That’ll do, Pig
In the ranks of contentious foods, barbecue sits near the top. At your next cookout, you should avoid seating a cantankerous Texan next to an opinionated Tennessean, and don’t you dare put a ketchup-based sauce on a South Carolinian’s pulledpork sandwich. Nothing spoils people’s appetite like a fight.
Barbecue lovers of all stripes can probably get along just fine at Whole Hog Café, though. The Santa Fe branch of a restaurant group based in Arkansas occupies a prime spot on Guadalupe Street. Undaunted, it stares down its rival across the road, the Cowgirl BBQ — the two places look ready for an Old West showdown. You can almost hear the theme song for The Good, the Bad and the Ugly as you walk by.
It’s not really a contest, though, since Whole Hog serves barbecue and very little else. It puts both pulled pork and pork loin on the menu along with chicken, sausage, ribs (pork, not beef), and brisket. You can order a sandwich stuffed with one meat or a platter containing all six. Every table has been outfitted with bottles of half a dozen different sauces — some tomato-based, one vinegary, one with mustard’s biting tang, one dark and sticky-sweet with molasses. (For the record, #3 was the favorite of everyone at our table.) A spicier version, “volcano,” which has a fun but not overwhelming burn, is available upon request.
What Whole Hog doesn’t have are a lot of options for vegetarians. There’s a basic slaw, which, like many around town, is a little too sweet, but which distinguishes itself by not being grossly laden with mayo. The potato salad is studded with bacon, so that’s out (fine by me: It’s coated in an opaque sour-cream-based dressing with a strong dairy flavor I didn’t love). The baked beans are clearly industrial, which means they’ve probably crossed paths with meat at some point. (In their defense, I think they’ve been enriched with one of Whole Hog’s sauces, which makes them less insipid than the straight-out-of-a-can kind.) But the kitchen nails the cool, crisp, refreshing cucumber salad — lightly pickled, barely sweet pale-green cukes and hot-pink strips of onion. This is the sort of thing I want to eat every day in the summer months.
Eons ago, the day before I took up vegetarianism, I drove an hour just to get the ribs from a legendary place called Dreamland. Whole Hog’s don’t compare, but if you have an itch for ribs, they’ll scratch it. On one visit, the meat pulled away from the bone too cleanly and was oddly, disappointingly dry. Every other time I sampled them, though, they were satisfyingly juicy, smoky, and tender.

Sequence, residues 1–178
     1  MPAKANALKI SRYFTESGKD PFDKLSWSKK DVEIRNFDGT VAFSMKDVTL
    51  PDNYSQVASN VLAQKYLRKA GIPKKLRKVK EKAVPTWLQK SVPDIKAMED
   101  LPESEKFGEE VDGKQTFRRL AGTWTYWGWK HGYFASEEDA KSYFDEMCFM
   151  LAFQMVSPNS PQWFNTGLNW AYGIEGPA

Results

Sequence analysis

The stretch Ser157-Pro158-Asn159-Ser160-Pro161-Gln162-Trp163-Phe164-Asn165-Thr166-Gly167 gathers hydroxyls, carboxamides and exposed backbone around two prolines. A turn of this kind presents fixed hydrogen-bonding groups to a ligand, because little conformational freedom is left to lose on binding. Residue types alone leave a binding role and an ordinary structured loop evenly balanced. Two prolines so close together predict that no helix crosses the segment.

The same could be said of the tangled piles of threadlike pulled pork and chicken — both of which are good on their own or sandwiched with sauce (and maybe a little slaw) on one of the almost impossibly soft rolls. The pork loin satisfies in a lean, “other white meat” kind of way, and fans of Texas ’cue will appreciate the brisket for its deep, meaty muskiness. The only choice that underwhelmed was the sausage, which arrived at the table barely warm and had no distinguishable seasoning other than garlic, salt, and pepper. Most of the meats were short on — or completely lacking — that beloved charred black crust.
Just for the heck of it, try the barbecue nachos, a fun, campy take on the classic. Here, gloppy ballpark-style cheese sauce, baked beans, and your choice of smoky meat join jalapeños on a generous platform of red and blue tortilla chips.
Except for some vintage-feeling exposed brick, the space is pretty nondescript — generic chairs and tables in two open dining rooms. What it lacks in décor it makes up for in aroma, though: That primal smoky smell nearly knocks you out when you walk in the door. Employees are remarkably friendly and polite, and service is lightning fast. You’ll barely have time to fill your glass with sweet tea (which any self-respecting barbecue establishment should serve) before your food shows up at the table.
Banana pudding is another requisite for barbecue joints. This dish is really more about the super-sweet pudding, the whipped cream, and the vanilla wafers than the actual fruit, but you’ll see some slices of banana when you dig your spoon into this soft, smooth custard.
Garden & Gun magazine recently asked readers to vote for their favorite barbecue restaurants, and places from Washington, D.C., to St. Petersburg, Florida, to Austin, Texas, made the cut. Whole Hog didn’t, but there are trophies, ribbons, and printed accolades scattered around the place nonetheless. Santa Fe will probably never have a serious barbecue showdown, but if it did, I’m pretty sure Whole Hog would win.